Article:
Melania Trump’s appearance capped a day that featured reality television stars (Willie Robertson of “Duck Dynasty”) and 1980s heartthrobs (Scott Baio, of “Charles in Charge” fame) as well as politicians current (Senator Tom Cotton of Arkansas) and past (former New York mayor Rudy Giuliani ).
The sheriff of Milwaukee County in Wisconsin, David Clarke, energized the crowd by declaring, ‘‘Blue Lives Matter in this country.’’ It was an explicit reference to the recent deaths of two black men at the hands of police officers and the slaying of officers in Texas and Louisiana.
During the evening session, speaker after speaker highlighted what they called dangers of a Clinton presidency. Some pointed to their children who were killed by illegal immigrants. Others recounted their experiences during the 2012 attacks on the US outpost in Benghazi.
“I blame Hillary Clinton personally for the death of my son,” said Patricia Smith, whose son Sean died in that attack. “That’s right — Hillary for prison. She deserves to be in stripes.”
Giuliani gave one of the most impassioned speeches of the night, shouting into the microphone and working the crowd into a fervor.
“I am sick and tired of the defamation of Donald Trump by the media and by the Clinton campaign!” he yelled. “I am sick and tired of it!”
Many of the party’s heaviest hitters, including 2012 nominee Mitt Romney, are sitting out the convention. Intra-party feuding continued on the airwaves Monday. Trump ally Newt Gingrich on Monday said that the Bush family is behaving “childishly” for not getting behind Trump and refusing to show up at the convention.
“The Republican Party has been awfully good to the Bushes and they’re showing remarkably little gratitude,” Gingrich said on ABC’s “Good Morning America.”
Shortly after RNC chairman Reince Priebus gaveled the convention to order at 1 p.m., the party tried to project an image of unity: a live band played the first song of the convention, “Happy Together,” with a bouncy refrain of “So happy together, we’re happy together.”
Anti-Trump forces who raised millions of dollars throughout the spring in a failed effort to derail Trump during the primary came to Cleveland with an 11th-hour strategy. They set up a “command center” in downtown Cleveland, minutes away from the Quicken Loans Arena.
In order to force the fight to the floor, a majority of delegates from seven states had to sign a petition. Organizers said that nine states, among them Maine, had the necessary signatures. Former US Senator Gordon Humphrey, from New Hampshire, filed the paperwork with convention officials.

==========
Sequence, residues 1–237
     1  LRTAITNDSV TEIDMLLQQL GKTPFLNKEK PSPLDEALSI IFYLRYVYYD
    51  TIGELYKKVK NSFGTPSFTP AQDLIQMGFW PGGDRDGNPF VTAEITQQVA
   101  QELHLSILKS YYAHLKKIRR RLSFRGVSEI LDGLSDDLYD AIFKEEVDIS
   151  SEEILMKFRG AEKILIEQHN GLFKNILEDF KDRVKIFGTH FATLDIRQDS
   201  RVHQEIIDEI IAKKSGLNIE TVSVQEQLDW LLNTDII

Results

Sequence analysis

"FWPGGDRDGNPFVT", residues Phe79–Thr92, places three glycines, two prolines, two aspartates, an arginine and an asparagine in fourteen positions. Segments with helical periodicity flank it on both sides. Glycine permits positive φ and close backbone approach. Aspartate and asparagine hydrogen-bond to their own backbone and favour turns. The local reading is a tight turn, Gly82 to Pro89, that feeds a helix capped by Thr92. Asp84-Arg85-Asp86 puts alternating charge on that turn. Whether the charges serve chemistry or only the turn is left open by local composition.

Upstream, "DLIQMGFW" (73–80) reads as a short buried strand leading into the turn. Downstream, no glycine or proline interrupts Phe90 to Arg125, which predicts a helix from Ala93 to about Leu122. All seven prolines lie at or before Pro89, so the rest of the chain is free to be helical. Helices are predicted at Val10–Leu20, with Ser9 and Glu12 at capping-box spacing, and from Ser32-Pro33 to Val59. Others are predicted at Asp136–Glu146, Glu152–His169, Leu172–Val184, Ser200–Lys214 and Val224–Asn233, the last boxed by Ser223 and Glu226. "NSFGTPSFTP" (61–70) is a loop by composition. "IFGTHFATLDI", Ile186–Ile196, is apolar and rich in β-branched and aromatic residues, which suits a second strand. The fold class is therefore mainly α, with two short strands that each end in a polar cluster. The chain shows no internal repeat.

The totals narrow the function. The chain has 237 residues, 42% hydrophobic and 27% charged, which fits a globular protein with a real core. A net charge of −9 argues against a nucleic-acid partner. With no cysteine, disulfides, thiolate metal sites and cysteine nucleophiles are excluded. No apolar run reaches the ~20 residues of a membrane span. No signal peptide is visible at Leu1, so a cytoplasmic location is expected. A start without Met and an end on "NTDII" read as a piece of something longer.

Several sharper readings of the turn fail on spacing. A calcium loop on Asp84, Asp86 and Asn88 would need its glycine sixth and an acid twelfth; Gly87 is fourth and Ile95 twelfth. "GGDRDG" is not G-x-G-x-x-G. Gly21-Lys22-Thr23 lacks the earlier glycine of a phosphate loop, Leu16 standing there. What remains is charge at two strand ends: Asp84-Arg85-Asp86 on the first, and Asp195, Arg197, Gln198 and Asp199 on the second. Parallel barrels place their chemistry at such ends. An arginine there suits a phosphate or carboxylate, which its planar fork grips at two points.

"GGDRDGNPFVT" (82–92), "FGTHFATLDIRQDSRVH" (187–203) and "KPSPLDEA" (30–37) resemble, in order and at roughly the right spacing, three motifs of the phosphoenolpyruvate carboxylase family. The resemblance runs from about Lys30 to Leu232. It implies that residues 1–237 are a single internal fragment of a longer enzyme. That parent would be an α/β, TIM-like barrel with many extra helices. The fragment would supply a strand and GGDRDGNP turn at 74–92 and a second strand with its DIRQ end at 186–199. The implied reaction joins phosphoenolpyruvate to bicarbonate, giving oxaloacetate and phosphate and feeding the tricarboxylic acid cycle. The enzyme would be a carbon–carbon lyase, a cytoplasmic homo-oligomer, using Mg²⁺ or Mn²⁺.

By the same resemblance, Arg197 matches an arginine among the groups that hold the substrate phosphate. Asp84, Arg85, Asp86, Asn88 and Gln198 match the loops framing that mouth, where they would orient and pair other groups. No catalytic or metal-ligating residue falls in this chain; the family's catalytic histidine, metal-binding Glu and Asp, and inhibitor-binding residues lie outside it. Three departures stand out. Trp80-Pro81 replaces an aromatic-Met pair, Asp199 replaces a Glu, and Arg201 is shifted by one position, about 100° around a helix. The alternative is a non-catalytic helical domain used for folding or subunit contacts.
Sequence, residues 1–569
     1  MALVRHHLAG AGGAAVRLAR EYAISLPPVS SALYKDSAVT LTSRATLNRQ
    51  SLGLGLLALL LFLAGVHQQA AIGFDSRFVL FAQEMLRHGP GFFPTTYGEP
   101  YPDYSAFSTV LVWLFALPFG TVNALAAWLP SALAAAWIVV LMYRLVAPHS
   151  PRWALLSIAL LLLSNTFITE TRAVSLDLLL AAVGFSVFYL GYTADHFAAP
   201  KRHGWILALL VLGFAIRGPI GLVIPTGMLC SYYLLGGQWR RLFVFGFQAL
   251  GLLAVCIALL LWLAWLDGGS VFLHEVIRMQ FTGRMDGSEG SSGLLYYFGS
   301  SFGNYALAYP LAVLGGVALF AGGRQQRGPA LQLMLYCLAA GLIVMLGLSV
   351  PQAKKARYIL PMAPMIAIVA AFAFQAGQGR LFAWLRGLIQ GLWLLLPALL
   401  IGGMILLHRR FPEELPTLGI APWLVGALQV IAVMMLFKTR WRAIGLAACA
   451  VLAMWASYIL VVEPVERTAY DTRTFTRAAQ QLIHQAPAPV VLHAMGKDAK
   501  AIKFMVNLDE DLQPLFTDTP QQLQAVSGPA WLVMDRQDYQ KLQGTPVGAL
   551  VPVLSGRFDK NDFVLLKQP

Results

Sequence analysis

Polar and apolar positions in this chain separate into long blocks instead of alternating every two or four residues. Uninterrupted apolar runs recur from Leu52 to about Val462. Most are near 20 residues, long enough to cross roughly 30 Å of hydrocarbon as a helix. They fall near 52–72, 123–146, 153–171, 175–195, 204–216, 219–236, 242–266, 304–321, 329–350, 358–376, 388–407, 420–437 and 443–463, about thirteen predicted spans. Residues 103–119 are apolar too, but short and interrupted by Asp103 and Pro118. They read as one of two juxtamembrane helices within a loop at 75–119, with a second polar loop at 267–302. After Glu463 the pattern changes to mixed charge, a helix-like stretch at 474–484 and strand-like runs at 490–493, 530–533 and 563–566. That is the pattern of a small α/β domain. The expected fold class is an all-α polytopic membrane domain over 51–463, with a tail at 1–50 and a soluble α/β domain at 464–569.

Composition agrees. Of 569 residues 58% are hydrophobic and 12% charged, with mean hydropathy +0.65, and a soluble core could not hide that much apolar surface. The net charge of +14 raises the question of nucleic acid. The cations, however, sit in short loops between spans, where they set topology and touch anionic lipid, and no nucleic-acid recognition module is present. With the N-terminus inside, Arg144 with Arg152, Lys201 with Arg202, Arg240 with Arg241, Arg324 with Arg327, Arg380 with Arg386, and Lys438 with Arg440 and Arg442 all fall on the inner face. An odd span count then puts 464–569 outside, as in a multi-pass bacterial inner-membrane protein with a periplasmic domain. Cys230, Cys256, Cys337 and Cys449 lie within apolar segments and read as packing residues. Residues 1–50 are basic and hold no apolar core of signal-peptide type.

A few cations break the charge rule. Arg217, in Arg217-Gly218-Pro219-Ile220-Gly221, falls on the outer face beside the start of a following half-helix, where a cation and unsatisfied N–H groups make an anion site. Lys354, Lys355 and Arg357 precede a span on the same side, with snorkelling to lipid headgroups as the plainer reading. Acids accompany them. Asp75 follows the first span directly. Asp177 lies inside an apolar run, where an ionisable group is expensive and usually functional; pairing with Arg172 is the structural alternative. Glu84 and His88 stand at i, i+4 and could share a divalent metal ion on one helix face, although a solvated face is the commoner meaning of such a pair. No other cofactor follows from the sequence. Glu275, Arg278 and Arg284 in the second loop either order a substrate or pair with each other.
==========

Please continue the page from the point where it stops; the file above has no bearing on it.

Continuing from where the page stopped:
But then the arm-twisting began. Some delegates removed their names from the petition and the number of states with eligible petitions dropped to six — one short of the number needed.
Earlier, while walking out of a Rules Committee meeting, chairman Bruce Ash of Arizona, compared the dissents to a group of soldiers fighting a lost cause.
“This is the last ragtag remnants of the Japanese army who were found on the island of Saipan three later because they hadn’t heard the war is over,” Ash said. “Donald Trump is our presumptive nominee. He became our nominee and he will win in November irrespective of a few people who have bruised egos from the contests that we have had over the past several months.”
Janet Fogarty of Scituate, one of three Massachusetts members on the rules committee, also declared the GOP civil war over Trump to be over.
“The fights have been fought and it is time for the party to come together,” she said.
About 15 members of the defeated Delegates Unbound movement joined their leader, Dane Waters, a Florida Republican, for dinner at a restaurant a half-mile from the Quicken Loans Arena.
The group included delegates from Texas, Iowa, Michigan, Virginia, and New Hampshire.
Humphrey, a former senator from New Hampshire, called the floor fight an “ugly spectacle” and a “shameful moment” for the GOP.
“We’ve now seen the Donald Trump presidency in prototype and it’s rule by force,” said Humphrey, who had supported Governor John Kasich’s candidacy. “Trump and his delegates might not be fascist but today they put on a very good act. This is a crisis moment.”
Asked what he was having for dinner, Humphrey said, “Mainly I’m drinking.”
James Pindell of the Globe staff contributed to this report. Matt Viser can be reached at firstname.lastname@example.org. Follow him on Twitter @mviser. Tracy Jan can be reached at email@example.com. Follow her on Twitter @TracyJan.